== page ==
Topliff noted that raw material costs (including freight) and availability are weighing on Alttran as well.
"Since last fall, pricing has been going up on almost all materials and there have been problems making sure materials from our suppliers are there," he said.
Topliff added that it can be difficult for some suppliers to find timely ocean freight, as ports are jammed with containers and it is a slow-go to get material to a warehouse. Consequently, suppliers are increasing inventory and pricing is increasing with what Topliff calls a "perceived lack of supply."
In addition, work force retainment and hiring remain a clear and present problem.
Topliff said attracting the brightest minds to make the best formulation for a customer's application is not always easy.
"As we all know, there is a huge void in technical knowledge in the rubber industry today, and it's not getting better," Topliff said. "That's got to be a scary proposition for a lot of companies. So we want to collaborate with companies to help them get to where they feel better informed about the decisions they are making and then maybe we mix for them too."
DeVoe echoed this trend from the perspective of the factory floor, saying it has been difficult early in the year to find hourly employees.
"We have several open positions, and are working quite a bit of overtime," she said.
Stahl said the biggest challenge on the horizon will be the long lead times from suppliers.
"The supply situation from the major polymer suppliers, that is going to be the biggest obstacle to overcome," Stahl said. "Our main market is fluoroelastomers. I don't want to say there is a shortage, but there is a long lead time to get material in."
Stahl is an optimist when he looks to the year ahead. Both January and February have been busy months for Rainbow Master Mixing, and he said he expects that to continue throughout the year, especially as businesses find their footing in the wake of COVID-19.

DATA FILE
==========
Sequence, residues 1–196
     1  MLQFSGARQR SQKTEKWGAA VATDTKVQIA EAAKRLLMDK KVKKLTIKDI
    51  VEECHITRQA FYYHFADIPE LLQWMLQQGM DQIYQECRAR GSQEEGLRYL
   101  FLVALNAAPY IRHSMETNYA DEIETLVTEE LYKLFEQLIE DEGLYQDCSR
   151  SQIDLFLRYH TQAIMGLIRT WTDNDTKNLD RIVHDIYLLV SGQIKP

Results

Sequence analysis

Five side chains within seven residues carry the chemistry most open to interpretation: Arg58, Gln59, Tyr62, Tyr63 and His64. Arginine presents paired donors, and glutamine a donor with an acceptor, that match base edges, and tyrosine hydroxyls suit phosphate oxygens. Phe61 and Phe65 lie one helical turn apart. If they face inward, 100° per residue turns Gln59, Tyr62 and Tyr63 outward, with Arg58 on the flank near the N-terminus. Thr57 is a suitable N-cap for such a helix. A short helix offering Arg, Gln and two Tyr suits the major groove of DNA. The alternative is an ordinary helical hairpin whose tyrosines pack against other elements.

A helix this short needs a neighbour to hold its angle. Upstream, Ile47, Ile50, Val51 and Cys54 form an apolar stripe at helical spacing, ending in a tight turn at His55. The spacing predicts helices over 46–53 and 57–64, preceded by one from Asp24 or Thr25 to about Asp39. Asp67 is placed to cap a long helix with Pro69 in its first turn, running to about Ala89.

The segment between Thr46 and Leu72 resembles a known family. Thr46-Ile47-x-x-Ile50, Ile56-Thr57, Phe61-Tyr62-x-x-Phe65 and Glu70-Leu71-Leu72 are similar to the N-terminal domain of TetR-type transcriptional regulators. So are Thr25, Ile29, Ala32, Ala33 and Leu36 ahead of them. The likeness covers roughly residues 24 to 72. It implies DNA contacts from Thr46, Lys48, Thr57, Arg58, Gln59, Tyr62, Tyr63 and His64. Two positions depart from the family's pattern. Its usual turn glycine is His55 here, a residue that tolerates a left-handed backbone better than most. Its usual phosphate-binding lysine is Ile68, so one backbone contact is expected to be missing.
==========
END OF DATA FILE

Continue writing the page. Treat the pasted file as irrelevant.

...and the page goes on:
"I think a lot of people are starting to play catch-up from last year," Stahl said.
A slowdown to M&A?
In spite of the issues facing custom mixers, the future looks both prosperous and competitive.
As for market growth, the automotive and building and construction markets are returning at a rapid pace, Nixon said.
Merger and acquisition activity continues to be strong as well, and is expected to remain that way for the next year or so.
But that could be changing, Nixon said.
"Favorable business policy and low interest rates have been key factors until now," he said.
DeVoe said Chardon gets approached occasionally from players interested in buying the custom mixer or partnering with it, and added there is no interest from her company's perspective. DeVoe said she is intent on keeping the company independent.
"There's a lot of capacity out there," she said. "I think competition is going to continue to be tight."
Topliff added that mergers still will take place, "but at a reduced rate."
It may be innovation that helps these smaller- and mid-sized mixers overcome industry challenges.
LMI counts innovation as a core value, since product development drives just about every other facet. When the customer is happy with their consistent, stable mix, they are satisfied.
"New product development is the heart and soul of our business," Nixon said. "Our product design and engineering teams are constantly coming up with something new—and pushing boundaries. When they do, our customers benefit."
Nixon said that ownership has been supportive of LMI's growth strategy over the last 20 years.
"That's going to continue, and we are committed to being even more aggressive in the market," he said. "We want to continue to find ways to leverage our strengths, which will ultimately mean additional expansion in capacity at our current facility or elsewhere. That may come internally or through partnership or acquisition.
"But there will always be a place for small and specialty custom mixers in our industry. Bigger isn't always better. Companies can successfully stay focused in niche markets or by concentrating in an area of expertise. The smaller you are, the more of a value proposition you need to create."